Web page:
IVIG Treatment Offered by Cancer Doctors in Baltimore

Medical Oncology and Hematology at Mercy - Baltimore, MD

Medical Oncology and Hematology at Mercy, a division of The Institute for Cancer Care at Mercy, offers patients a highly trained team of medical oncologists and hematologists experienced in providing treatment options like IVIG (or gammaglobulin) for a variety of medical conditions. 

What is IVIG or Gammaglobulin?

IVIG or gammablobulin, also called immune globulin, is a plasma treatment used for specific conditions such as immune deficiencies, autoimmune conditions, inflammation and infections. 

NEXT: How does IVIG treatment work? ›
How does IVIG treatment work?

IVIG is used to treat a number of immunodeficiency and autoimmune conditions as well as blood disorders because it contains a critical component called immunoglobulin-G (IgG). Immunoglobulin helps the body build antibodies, a disease fighting substance, to fight off viruses, bacteria, fungus and parasites. 

NEXT: How do I prepare for IVIG or Gammaglobulin treatment? ›
How do I prepare for IVIG or Gammaglobulin treatment?

Staying hydrated is the key for preparing for IVIG treatment. The patient needs to drink plenty of fluids the day before as well as the day of the treatment. This will help with starting the IV and lessening the side effects.  Patients should avoid caffeine or any other diuretic that can lead to dehydration.  

NEXT: How is IVIG or Gammaglobulin treatment administered? ›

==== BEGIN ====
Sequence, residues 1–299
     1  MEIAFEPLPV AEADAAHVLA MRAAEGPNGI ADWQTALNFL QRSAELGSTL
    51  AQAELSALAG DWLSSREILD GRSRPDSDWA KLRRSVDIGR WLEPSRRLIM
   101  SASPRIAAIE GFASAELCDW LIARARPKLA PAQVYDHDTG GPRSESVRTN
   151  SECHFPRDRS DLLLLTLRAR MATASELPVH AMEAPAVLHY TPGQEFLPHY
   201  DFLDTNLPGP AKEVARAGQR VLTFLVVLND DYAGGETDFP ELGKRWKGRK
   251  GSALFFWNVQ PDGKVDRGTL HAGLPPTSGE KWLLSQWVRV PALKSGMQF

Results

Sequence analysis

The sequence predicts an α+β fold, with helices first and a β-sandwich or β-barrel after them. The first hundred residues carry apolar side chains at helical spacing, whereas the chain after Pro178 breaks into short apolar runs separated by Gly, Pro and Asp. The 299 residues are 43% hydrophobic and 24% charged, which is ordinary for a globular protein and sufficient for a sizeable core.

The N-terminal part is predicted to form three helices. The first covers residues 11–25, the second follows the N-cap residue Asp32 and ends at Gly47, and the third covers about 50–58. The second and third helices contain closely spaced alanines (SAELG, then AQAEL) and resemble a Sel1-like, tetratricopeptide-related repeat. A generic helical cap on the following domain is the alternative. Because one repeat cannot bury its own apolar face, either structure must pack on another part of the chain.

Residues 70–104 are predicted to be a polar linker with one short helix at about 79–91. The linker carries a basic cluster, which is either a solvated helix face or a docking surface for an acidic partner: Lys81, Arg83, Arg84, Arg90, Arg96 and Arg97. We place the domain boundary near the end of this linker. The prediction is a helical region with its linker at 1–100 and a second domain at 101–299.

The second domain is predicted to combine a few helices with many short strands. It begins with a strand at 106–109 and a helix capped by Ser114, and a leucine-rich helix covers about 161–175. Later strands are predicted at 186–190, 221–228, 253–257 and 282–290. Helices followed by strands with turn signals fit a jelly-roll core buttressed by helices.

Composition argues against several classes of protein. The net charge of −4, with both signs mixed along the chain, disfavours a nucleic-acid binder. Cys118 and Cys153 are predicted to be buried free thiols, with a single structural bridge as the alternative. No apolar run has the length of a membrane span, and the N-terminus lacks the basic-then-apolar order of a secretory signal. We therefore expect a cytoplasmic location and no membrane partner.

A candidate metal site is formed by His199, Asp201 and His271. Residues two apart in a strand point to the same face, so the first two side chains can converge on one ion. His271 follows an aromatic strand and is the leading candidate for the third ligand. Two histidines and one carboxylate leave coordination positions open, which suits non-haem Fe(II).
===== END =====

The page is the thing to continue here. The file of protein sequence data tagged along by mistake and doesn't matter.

How is IVIG or Gammaglobulin treatment administered?

IVIG is an IV-infused medication given in a 2-4 hour period over 12-weeks.  Depending on the dose of medication, patient diagnosis and medical history, the time to administer IVIG may vary. Throughout your IVIG treatment vital signs, blood pressure, pulse and temperature as well as signs of allergic reactions are monitored. IVIG treatment can take up to six months or longer.

NEXT: Who should receive IVIG or Gammaglobulin? ›
Who should receive IVIG or Gammaglobulin?

People with the following conditions are typically good candidates for IVIG treatment:

  • Allogeneic bone marrow transplantation
  • Chronic lymphocytic leukemia
  • Hematology diseases
  • Immunodeficiency
  • Immune-mediated thrombocytopenia
  • Kawasaki disease
  • Infectious diseases
  • Specific neurology conditions
  • Specific pulmonary conditions 
NEXT: What are the side effects of IVIG or Gammaglobulin? ›
What are the side effects of IVIG or Gammaglobulin?

The side effects of IVIG may include:

  • Allergic reactions
  • Chills and fever
  • Fatigue
  • Mild to severe headaches
  • Neck stiffness
  • Shortness of breath